From a PSW's post:
You could study the problem out the ying yang and pay consultants and committees. But the problem is simply lack of hands on care staff. On my unit, each caregiver has to provide total care and supervision for at least eight to ten patients on a day shift, 14 on an evening shift and 26 on a night shift. Fifty percent of them require total care, including mechanical lifts, bed to chair, and the other fifty percent are confused. Front line staff limp home from work. Emotional and physical burn out is inevitable and sick time is simply awful. More importantly the residents are rushed and unhappy. WE NEED MORE STAFF. PERIOD and these horrible episodes would never happen.
|A resident plays Wii every day!|
As long as Canada permits for-profit long-term care, as long as there are no regulations regarding the training of PSWs, as long as older facilities have 4-bed wards, we will continue to have incidents like these.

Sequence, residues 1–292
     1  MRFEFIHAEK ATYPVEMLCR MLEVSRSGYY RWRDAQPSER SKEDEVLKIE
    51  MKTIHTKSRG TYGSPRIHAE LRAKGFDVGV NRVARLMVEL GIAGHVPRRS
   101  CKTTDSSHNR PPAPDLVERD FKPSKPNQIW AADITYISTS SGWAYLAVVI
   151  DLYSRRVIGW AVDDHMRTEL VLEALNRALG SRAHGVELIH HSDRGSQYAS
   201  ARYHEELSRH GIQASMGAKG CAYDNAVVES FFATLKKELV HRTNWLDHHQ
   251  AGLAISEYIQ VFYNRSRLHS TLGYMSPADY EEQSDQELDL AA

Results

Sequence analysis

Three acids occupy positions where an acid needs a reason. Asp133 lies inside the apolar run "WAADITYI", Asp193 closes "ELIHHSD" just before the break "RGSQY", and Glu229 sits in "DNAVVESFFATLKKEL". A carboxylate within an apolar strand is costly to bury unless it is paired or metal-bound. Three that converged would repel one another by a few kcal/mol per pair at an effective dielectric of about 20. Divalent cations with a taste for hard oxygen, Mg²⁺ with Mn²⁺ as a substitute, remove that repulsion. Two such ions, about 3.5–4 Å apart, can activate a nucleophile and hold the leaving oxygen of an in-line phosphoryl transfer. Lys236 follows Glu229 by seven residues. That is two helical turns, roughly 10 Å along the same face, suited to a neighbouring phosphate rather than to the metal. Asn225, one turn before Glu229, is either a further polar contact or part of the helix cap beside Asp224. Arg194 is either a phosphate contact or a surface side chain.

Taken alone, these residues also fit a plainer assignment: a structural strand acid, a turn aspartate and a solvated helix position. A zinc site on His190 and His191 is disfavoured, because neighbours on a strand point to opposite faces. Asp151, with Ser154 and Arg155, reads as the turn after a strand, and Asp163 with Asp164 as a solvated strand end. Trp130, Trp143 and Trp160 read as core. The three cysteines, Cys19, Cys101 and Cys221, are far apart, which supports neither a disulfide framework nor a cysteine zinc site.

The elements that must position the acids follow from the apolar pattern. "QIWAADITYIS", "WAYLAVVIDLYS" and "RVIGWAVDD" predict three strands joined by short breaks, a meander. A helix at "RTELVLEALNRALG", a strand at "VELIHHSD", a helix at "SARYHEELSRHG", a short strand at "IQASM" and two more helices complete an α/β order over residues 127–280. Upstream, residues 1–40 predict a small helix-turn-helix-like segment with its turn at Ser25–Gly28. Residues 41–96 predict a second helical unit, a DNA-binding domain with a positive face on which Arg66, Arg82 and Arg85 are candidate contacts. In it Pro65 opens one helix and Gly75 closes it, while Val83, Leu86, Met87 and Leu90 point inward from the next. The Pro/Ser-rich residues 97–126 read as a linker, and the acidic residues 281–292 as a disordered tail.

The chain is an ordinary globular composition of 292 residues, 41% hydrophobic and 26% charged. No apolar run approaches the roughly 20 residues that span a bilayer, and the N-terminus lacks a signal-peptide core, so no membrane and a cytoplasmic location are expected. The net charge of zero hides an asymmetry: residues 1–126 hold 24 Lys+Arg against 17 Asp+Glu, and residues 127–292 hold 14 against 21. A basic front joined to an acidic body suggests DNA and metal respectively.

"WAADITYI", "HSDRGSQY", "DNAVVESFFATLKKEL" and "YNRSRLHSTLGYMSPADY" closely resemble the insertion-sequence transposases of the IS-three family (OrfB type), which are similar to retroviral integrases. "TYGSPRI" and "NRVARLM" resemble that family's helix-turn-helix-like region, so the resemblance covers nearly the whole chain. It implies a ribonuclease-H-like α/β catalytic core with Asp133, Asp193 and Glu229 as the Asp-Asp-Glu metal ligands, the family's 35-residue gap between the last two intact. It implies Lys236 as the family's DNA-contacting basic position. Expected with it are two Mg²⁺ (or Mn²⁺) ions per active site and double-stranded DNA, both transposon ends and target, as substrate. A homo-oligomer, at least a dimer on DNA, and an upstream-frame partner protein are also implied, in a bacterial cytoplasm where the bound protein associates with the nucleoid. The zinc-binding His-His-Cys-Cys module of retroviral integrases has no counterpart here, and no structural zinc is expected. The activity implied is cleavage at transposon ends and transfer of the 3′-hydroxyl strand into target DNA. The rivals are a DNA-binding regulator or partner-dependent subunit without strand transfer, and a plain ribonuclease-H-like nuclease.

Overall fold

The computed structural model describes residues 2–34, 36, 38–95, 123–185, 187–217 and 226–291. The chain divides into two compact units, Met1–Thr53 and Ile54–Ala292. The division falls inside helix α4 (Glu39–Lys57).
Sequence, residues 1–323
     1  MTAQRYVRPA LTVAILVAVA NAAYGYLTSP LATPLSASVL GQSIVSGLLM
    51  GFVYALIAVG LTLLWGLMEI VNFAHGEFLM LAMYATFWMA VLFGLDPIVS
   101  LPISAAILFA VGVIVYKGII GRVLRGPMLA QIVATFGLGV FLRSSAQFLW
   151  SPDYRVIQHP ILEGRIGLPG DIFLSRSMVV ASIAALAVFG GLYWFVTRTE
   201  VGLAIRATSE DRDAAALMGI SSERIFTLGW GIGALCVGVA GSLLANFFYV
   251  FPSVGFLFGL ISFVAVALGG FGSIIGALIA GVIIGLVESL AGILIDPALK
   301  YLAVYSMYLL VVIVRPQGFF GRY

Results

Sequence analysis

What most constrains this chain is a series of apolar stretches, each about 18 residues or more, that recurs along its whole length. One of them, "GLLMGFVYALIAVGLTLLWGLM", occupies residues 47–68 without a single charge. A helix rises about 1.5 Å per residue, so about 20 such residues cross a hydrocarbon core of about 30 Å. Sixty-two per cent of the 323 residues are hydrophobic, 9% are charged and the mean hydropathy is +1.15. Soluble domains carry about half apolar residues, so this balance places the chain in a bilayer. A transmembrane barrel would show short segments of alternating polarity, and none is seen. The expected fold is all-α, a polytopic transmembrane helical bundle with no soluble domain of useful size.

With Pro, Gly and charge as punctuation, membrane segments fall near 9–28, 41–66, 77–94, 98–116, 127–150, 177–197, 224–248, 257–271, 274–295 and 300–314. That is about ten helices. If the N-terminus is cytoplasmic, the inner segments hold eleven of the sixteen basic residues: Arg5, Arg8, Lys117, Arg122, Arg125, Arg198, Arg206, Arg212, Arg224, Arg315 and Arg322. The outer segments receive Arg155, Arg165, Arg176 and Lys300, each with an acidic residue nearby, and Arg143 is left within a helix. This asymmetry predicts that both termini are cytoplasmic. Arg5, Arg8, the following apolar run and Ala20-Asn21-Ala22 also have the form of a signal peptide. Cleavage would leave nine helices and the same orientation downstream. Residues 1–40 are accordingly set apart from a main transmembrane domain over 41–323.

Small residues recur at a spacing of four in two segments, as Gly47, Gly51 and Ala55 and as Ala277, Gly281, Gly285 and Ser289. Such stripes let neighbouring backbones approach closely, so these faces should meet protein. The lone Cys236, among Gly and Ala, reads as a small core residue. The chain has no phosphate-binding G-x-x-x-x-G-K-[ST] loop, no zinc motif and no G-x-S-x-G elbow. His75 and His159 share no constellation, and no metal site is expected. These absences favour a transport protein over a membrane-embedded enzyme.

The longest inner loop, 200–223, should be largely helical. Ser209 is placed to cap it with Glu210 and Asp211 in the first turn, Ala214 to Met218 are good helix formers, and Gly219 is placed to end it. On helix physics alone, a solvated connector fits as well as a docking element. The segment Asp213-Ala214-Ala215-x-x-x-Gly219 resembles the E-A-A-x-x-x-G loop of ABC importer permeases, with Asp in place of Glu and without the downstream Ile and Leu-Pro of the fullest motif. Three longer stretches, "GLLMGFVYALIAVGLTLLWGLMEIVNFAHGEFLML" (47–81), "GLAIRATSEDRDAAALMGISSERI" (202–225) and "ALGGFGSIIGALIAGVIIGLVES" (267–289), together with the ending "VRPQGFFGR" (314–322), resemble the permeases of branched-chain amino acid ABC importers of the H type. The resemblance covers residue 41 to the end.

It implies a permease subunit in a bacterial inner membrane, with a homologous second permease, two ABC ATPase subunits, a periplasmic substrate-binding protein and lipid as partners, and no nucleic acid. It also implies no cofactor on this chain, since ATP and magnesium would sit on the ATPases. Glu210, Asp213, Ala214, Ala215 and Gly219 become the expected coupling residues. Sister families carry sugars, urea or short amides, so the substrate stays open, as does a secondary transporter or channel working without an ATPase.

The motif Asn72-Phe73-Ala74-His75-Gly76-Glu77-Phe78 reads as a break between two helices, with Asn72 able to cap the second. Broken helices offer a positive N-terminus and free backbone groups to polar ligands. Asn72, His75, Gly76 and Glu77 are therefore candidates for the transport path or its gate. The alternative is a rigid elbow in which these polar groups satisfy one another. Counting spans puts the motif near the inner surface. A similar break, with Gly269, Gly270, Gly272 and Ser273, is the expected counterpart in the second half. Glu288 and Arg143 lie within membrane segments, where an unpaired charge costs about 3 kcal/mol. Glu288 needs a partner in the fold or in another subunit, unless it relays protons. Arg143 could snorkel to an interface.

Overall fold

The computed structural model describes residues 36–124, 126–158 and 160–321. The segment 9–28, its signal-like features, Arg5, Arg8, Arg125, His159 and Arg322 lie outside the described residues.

I was very happy with the treatment my father had in his LTC - in terms of protecting him. Most of the staff with whom I have worked, are exemplary, caring dedicated workers. He managed to pull the fire alarm once, he knew he needed help. Another time, he got into a fight with another man in a wheelchair. My father was the least violent man I knew.
I am surprised that there are NOT more incidents. That said, I have regularly visited long-term care (we don't call them 'nursing homes' anymore) as a family member, and a volunteer, at all hours of the day, and in Central and SE Ontario, since 2006. I have never witnessed a violent incident.
My late father, for example, was up in the night. He was agitated, angry, anxious and apathetic at times. (The four A's of dementia)
PSWs need regulation and training standards. A 14 module certificate course, with no requirements for upgrading or continuing education, we have people with varying degrees of training.
That said, there are many places where staff are going the distance.
Where I volunteer we have musicians in twice a month. This involves getting the with limited mobility into the elevator, and along into the activity room. This is time consuming for activity aides, and is a good time to volunteer in a LTC.
This is so much fun. A Chartwell LTC that did a flash mob! Great exercise, lots of fun!